Ex­ecs' IT pri­or­i­ties in flux with shift­ing land­scape

An­nual sur­vey high­lights ex­ecs’ pri­or­i­ties as they try to steer through the shift­ing reg­u­la­tory land­scape for health­care IT

Modern Healthcare - - FRONT PAGE - Joseph Conn

If you don’t like how things are go­ing with health in­for­ma­tion tech­nol­ogy, stick around. The rules will change. Mean­ing­ful use is once again the main con­cern of hospi­tal and med­i­cal group prac­tice lead­ers in the in­for­ma­tion tech­nol­ogy sphere as expressed by those who par­tic­i­pated in the 22nd an­nual Mod­ern Health­care/mod­ern Physi­cian Sur­vey of Ex­ec­u­tive Opin­ions on Key In­for­ma­tion Tech­nol­ogy Is­sues.

But the reg­u­la­tory back­drops for mean­ing­ful use and an­other ma­jor is­sue mea­sured on this year’s sur­vey—achiev­ing com­pli­ance with the ICD-10 code sets—re­main in flux.

The reg­u­la­tory en­vi­ron­ment for mean­ing­ful use has changed con­sid­er­ably since Nov. 16, 2011, the day our sur­vey was launched, and for ICD-10, sig­nif­i­cantly, since just last week. Still an­other ma­jor change is ex­pected with the CMS’ pro­posed rule for Stage 2 mean­ing­ful-use cri­te­ria.

Amid the tu­mult, health­care ex­ec­u­tives have tried to steer a straight course. In this year’s sur­vey, as in the past two years, they in­di­cated in mul­ti­ple ways that their great­est health IT chal­lenge is in their or­ga­ni­za­tions’ quest to be­come mean­ing­ful users of elec­tronic health-record sys­tems. For ex­am­ple, this year we asked lead­ers to choose their top three “hot but­ton” IT pri­or­i­ties, giv­ing them a list of 23 cur­rently rel­e­vant IT projects from which to choose.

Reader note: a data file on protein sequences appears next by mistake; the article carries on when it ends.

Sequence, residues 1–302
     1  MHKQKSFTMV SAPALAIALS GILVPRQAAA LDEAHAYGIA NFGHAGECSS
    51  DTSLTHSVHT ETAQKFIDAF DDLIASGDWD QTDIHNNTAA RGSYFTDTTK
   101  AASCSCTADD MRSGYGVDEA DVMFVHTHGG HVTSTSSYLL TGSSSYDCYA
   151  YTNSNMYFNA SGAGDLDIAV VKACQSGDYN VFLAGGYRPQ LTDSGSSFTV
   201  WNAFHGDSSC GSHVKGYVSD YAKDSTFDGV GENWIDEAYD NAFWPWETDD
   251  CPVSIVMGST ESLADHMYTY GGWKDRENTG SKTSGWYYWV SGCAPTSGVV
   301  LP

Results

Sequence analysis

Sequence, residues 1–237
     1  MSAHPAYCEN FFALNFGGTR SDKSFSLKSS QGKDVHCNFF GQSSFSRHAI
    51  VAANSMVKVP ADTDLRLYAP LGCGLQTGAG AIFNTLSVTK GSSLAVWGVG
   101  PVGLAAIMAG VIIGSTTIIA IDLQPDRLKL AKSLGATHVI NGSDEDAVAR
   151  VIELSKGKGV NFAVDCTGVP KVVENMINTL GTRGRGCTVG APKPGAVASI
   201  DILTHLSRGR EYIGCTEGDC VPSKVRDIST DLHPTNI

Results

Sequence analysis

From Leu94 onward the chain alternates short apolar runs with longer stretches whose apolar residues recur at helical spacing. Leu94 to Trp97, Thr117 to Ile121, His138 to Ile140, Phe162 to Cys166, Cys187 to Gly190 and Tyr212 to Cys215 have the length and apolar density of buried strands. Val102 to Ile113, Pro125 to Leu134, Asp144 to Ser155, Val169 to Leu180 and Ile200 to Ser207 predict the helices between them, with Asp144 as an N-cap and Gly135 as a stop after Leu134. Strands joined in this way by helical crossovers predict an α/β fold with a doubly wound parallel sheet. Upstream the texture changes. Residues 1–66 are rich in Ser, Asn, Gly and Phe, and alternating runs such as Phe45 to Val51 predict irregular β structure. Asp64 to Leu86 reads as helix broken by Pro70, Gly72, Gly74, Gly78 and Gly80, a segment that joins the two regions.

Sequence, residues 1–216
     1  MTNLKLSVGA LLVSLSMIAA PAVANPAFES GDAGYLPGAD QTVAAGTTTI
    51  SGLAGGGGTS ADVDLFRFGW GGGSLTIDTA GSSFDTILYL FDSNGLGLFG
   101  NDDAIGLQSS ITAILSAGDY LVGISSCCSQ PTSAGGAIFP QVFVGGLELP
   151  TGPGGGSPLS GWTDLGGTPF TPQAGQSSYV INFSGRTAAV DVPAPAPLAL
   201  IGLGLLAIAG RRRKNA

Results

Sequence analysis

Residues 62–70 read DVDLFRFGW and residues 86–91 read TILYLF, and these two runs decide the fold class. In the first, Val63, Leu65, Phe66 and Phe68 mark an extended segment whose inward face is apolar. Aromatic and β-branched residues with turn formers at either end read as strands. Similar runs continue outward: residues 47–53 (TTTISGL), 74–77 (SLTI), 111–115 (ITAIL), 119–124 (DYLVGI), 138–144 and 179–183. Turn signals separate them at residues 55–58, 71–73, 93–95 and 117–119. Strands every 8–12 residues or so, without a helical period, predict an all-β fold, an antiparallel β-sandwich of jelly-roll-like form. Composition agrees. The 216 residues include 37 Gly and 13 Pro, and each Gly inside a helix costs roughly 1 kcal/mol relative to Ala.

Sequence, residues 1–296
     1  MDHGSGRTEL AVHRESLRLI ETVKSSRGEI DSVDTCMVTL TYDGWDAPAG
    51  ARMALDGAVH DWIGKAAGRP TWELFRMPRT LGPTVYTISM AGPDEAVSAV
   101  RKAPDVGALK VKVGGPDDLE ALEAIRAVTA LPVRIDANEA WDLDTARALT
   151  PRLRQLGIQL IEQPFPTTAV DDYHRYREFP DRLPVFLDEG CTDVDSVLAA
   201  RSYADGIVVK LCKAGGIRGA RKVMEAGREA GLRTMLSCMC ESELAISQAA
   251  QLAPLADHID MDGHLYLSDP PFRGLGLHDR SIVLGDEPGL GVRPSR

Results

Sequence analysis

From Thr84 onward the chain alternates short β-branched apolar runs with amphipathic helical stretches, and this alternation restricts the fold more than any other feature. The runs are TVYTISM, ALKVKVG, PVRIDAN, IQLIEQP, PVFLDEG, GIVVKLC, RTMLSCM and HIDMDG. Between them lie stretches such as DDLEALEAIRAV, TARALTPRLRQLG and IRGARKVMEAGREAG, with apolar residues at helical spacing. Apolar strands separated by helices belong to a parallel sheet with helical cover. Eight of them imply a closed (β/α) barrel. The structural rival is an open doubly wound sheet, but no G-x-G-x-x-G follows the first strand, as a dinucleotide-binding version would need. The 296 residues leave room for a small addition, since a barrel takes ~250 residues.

Head­ing the top five choices was meet­ing the mean­ing­ful-use cri­te­ria of the Medi­care (and even­tu­ally Med­i­caid) EHR in­cen­tive pay­ment pro­grams. Mean­ing­ful use was cho­sen by half of sur­vey par­tic­i­pants (See chart at left). ICD10 ran a close sec­ond, se­lected by 49% of re­spon­dents; fol­lowed by im­ple­ment­ing EHR sys­tems, a com­po­nent part of meet­ing mean­ing­ful-use cri­te­ria, se­lected by 37% of re­spon­dents; adopt­ing am­bu­la­tory clin­i­cal IT sys­tems, 16%; and de­vel­op­ing an­a­lyt­ics ca­pa­bil­i­ties in their fi­nan­cial and clin­i­cal sys­tems in prepa­ra­tion for the an­tic­i­pated cre­ation of ac­count­able care or­ga­ni­za­tions, 16%.

By be­com­ing a mean­ing­ful user, a hospi­tal, physi­cian or other “el­i­gi­ble pro­fes­sional” qual­i­fies to re­ceive siz­able fed­eral in­cen­tive pay­ments in the near term as well as avoid stiff fi­nan­cial penal­ties down the road.

The con­cept of mean­ing­ful use and the EHR in­cen­tive pay­ment pro­grams un­der Medi­care and Med­i­caid were cre­ated by the Amer­i­can Re­cov­ery and Rein­vest­ment Act of 2009. To